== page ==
Over the years, gypsies and travellers have had a bad press, often cited as being trouble wherever they settle.
They think they may have had it bad now, but it was a lot worse back in 1554, when Mary Queen of England passed the Egyptians Act, which made it illegal for gypsies and travellers to live in England. If found on English soil, they would have a month to leave, or be executed. And those found helping them in anyway would face a similar fate. So being told to move on or receiving a fine now doesn’t seem so bad by comparison.
Philip Stevens makes his directorial debut with this period film that focuses on a group of farmers putting themselves at risk by helping some Egyptian travellers leave the country.
1555 and David (Emmett J Scanlan) is the leader of a small group of salt farmers. You can tell he’s their leader as he’s the only one wearing shoes. The group are taking a huge risk in helping some Egyptians leave England by boat, as they aren’t exactly welcome anymore. Although a risky endeavour, the rewards outweigh the risk.
Things get complicated however when one of their group, Patience (Hannah Douglas), gets close with one of the Egyptians, which doesn’t go down at all well with David, who makes his feelings violently clear.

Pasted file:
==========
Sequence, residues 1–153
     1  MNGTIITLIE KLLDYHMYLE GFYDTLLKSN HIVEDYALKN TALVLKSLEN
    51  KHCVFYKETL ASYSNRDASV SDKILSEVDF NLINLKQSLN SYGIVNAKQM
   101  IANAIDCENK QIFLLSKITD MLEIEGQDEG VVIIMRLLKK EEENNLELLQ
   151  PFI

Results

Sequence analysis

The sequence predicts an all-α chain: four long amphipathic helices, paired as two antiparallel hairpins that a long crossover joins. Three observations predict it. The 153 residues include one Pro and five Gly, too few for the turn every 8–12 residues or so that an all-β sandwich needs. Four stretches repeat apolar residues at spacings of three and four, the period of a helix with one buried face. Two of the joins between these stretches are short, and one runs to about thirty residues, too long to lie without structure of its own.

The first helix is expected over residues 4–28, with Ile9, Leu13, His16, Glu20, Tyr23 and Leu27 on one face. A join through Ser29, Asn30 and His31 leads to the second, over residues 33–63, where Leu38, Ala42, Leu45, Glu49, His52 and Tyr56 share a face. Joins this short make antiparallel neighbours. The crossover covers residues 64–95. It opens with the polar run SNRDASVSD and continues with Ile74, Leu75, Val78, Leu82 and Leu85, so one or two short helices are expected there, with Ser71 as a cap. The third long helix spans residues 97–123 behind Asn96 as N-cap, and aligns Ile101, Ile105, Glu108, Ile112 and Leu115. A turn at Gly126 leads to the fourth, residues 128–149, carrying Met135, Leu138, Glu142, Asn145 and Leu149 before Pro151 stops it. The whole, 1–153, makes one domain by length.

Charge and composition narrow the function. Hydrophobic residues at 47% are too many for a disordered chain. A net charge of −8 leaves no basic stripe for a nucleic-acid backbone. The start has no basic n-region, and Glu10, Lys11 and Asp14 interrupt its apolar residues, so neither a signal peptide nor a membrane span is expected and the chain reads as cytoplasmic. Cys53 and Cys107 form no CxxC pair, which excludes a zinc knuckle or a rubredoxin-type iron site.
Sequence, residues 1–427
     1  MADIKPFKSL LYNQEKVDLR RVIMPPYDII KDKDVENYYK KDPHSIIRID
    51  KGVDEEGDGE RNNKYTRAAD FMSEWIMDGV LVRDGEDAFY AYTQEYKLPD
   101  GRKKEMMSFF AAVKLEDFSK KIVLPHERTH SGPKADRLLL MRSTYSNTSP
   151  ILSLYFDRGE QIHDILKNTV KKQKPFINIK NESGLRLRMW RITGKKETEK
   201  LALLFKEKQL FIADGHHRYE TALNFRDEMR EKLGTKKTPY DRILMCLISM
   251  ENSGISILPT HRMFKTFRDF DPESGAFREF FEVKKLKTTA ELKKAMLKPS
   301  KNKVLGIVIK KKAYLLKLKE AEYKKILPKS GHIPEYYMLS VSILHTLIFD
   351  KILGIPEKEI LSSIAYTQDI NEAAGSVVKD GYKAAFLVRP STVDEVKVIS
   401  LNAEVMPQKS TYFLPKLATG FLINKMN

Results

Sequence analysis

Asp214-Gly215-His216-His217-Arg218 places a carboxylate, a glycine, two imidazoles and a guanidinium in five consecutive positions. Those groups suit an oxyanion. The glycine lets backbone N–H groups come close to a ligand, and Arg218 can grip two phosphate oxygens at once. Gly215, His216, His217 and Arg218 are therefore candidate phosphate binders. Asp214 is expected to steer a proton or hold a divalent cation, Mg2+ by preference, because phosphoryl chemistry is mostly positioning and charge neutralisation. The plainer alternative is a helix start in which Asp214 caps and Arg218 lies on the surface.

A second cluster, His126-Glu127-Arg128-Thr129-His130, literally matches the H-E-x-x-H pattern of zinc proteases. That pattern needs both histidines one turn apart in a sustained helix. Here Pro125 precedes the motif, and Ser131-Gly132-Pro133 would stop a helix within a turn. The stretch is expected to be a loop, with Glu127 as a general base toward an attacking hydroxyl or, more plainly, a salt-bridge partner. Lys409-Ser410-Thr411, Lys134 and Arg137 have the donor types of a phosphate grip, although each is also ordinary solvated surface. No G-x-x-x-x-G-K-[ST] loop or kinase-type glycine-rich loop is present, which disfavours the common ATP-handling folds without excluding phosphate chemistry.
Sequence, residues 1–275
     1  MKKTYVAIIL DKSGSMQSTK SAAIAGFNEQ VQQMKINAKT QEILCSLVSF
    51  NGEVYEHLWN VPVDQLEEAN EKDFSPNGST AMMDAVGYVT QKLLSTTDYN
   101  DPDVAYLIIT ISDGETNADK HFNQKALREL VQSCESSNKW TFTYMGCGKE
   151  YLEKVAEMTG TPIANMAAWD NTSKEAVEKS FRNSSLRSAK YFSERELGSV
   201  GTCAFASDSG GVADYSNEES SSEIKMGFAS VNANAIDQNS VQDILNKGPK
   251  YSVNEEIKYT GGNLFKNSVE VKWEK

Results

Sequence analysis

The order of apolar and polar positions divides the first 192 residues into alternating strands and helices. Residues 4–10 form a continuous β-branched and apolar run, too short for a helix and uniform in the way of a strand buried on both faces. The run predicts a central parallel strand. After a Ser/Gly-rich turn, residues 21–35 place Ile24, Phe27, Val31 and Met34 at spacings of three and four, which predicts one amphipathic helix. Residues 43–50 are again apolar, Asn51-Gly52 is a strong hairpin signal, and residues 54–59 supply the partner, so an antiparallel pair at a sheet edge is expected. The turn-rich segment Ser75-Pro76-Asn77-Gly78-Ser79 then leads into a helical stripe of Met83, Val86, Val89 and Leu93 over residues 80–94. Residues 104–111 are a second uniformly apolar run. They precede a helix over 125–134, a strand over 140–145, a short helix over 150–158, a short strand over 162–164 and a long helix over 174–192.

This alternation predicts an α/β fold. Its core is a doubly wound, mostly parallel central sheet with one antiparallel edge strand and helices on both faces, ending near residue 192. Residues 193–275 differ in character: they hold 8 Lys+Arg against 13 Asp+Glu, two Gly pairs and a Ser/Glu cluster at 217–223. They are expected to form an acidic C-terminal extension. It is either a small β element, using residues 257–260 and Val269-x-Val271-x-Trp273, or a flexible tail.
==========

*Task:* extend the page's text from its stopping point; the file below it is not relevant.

Although Stevens begins his film with the information about the Egyptians Act, it’s more a case of context than anything else. As it turns out, the real threat is from within the camp, with no sign of any official threat whatsoever.
Patience is the main protagonist of the film, one who suffers from a severe speech impediment, which sets her aside from the rest of the group as someone different. This obviously affects her ability to communicate, although she can sing like an angel, just like 2002’s Pop Idol runner-up Gareth Gates. If only she had the idea to be able to sing what she was put through, and that would possibly have saved her, and the audience, a whole lot of bother.
Although well shot, the film doesn’t really offer anything by way of a silver lining. David is most unpleasant, and his actions soon become overwhelming, with no resistance coming from any corner. He is a leader that rules by fear, which would make you wonder why the rest of the group hang around as long as they do. Particularly Patience who is the brunt of most of his attention, who may struggle vocally, but her legs work perfectly fine.
Performances are solid, especially from Douglas and Scanlan, and Stevens does well in creating the period visually, but the film is just far too bleak and brutal a watch, making it one to be endured rather than enjoyed.